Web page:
JAMIE DIMON, the chief executive of JP Morgan, has had his pay package halved to $US11.5 million ($10.9 million) over a multi-billion trading loss racked up in the investment bank's London office.
The company said Mr Dimon received $US1.5 million in salary and $US10 million in shares for 2012, half the $US23 million he secured in 2011.
Mr Dimon stunned Wall Street last May when disclosing that the bank's chief investment office (CIO), a division responsible for investing surplus deposits, had lost more than $US6 billion in botched trades in the derivatives market.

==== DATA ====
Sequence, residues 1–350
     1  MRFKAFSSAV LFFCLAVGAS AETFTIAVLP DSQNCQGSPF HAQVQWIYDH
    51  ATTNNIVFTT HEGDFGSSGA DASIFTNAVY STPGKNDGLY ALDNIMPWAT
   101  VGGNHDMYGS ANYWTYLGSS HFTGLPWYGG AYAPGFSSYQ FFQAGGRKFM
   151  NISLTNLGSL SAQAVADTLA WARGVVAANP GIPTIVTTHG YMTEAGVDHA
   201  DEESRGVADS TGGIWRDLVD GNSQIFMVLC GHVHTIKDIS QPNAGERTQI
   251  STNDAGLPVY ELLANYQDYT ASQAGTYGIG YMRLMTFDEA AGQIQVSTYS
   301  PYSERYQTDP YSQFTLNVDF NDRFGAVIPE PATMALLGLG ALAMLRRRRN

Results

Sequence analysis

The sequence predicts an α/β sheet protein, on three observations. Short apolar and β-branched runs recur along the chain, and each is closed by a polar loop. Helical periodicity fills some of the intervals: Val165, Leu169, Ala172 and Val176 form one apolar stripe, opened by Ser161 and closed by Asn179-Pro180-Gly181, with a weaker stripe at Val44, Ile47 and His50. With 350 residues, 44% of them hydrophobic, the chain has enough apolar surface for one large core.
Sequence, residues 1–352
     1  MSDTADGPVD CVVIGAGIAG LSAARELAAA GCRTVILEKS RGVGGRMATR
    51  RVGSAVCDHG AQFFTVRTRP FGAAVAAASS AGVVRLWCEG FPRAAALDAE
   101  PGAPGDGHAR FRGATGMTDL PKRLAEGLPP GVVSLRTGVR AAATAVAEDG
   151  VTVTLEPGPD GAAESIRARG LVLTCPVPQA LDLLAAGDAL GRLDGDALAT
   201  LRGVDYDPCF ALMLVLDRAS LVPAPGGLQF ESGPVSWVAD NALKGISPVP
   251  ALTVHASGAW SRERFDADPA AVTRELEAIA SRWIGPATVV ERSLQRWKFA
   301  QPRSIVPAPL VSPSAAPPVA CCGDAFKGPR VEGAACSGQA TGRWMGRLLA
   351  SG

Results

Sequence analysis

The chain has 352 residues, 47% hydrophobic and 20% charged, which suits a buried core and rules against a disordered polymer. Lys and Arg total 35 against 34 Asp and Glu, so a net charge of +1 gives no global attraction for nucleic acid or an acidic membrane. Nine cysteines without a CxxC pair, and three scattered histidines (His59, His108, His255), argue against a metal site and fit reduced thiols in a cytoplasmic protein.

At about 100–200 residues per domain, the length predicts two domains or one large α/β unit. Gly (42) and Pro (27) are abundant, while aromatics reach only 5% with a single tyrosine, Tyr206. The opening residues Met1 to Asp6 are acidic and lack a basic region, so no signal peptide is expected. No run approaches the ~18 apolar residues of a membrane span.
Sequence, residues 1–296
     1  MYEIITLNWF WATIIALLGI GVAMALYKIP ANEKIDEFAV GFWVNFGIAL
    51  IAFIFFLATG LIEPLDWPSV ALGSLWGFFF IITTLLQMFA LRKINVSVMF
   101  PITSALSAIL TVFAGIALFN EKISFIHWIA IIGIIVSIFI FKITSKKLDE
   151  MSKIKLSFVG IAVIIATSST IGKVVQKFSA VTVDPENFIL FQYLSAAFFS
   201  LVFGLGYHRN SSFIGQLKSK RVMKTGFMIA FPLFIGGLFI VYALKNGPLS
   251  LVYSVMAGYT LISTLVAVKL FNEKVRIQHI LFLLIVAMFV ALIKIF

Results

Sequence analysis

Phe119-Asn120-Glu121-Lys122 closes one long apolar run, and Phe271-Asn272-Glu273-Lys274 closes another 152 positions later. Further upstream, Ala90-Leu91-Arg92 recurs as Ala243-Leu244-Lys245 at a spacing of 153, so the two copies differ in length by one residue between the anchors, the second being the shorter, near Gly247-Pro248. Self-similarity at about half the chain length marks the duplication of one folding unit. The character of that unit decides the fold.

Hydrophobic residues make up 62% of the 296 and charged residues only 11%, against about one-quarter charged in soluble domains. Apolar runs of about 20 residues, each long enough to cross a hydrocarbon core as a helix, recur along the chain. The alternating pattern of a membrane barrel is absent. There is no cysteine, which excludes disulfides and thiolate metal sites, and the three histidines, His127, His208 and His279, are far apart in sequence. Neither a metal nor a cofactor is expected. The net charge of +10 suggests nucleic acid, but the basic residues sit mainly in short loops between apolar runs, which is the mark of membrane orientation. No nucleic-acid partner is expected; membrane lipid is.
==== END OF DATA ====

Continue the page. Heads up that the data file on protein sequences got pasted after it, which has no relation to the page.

Mr Dimon, the highest-profile banker on Wall Street, bore "ultimate responsibility for the failures that led to the losses in the CIO and has accepted responsibility for such failures", the bank said.
An internal report into the loss by JP Morgan found fault with other executives, including the former chief financial officer Doug Braunstein, Barry Zubrow, who was head of risk management at the bank, and Ina Drew, who led the CIO.
Mr Dimon "could have better tested his reliance on what he was told" by senior managers about trading in the CIO, the report found.
The reduction in Mr Dimon's pay came as JP Morgan reported a 53 per cent jump in fourth-quarter profits to $US5.69 billion, as it made more money from its mortgage business.
Mr Dimon, who initially dismissed the trading losses as a "tempest in a teapot", defended his handling of them once their scale emerged. "You have mistakes that you acknowledge and you fix," he said. "Those mistakes scared us."